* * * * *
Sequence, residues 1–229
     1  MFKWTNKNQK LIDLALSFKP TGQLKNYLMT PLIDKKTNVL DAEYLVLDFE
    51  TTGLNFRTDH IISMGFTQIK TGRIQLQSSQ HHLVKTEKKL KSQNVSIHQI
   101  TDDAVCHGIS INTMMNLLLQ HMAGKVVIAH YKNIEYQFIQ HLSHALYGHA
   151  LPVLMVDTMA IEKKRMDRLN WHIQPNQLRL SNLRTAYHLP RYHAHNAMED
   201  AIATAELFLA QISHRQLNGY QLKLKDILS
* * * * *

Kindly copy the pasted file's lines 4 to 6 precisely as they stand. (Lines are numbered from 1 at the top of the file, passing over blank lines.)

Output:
   101  TDDAVCHGIS INTMMNLLLQ HMAGKVVIAH YKNIEYQFIQ HLSHALYGHA
   151  LPVLMVDTMA IEKKRMDRLN WHIQPNQLRL SNLRTAYHLP RYHAHNAMED
   201  AIATAELFLA QISHRQLNGY QLKLKDILS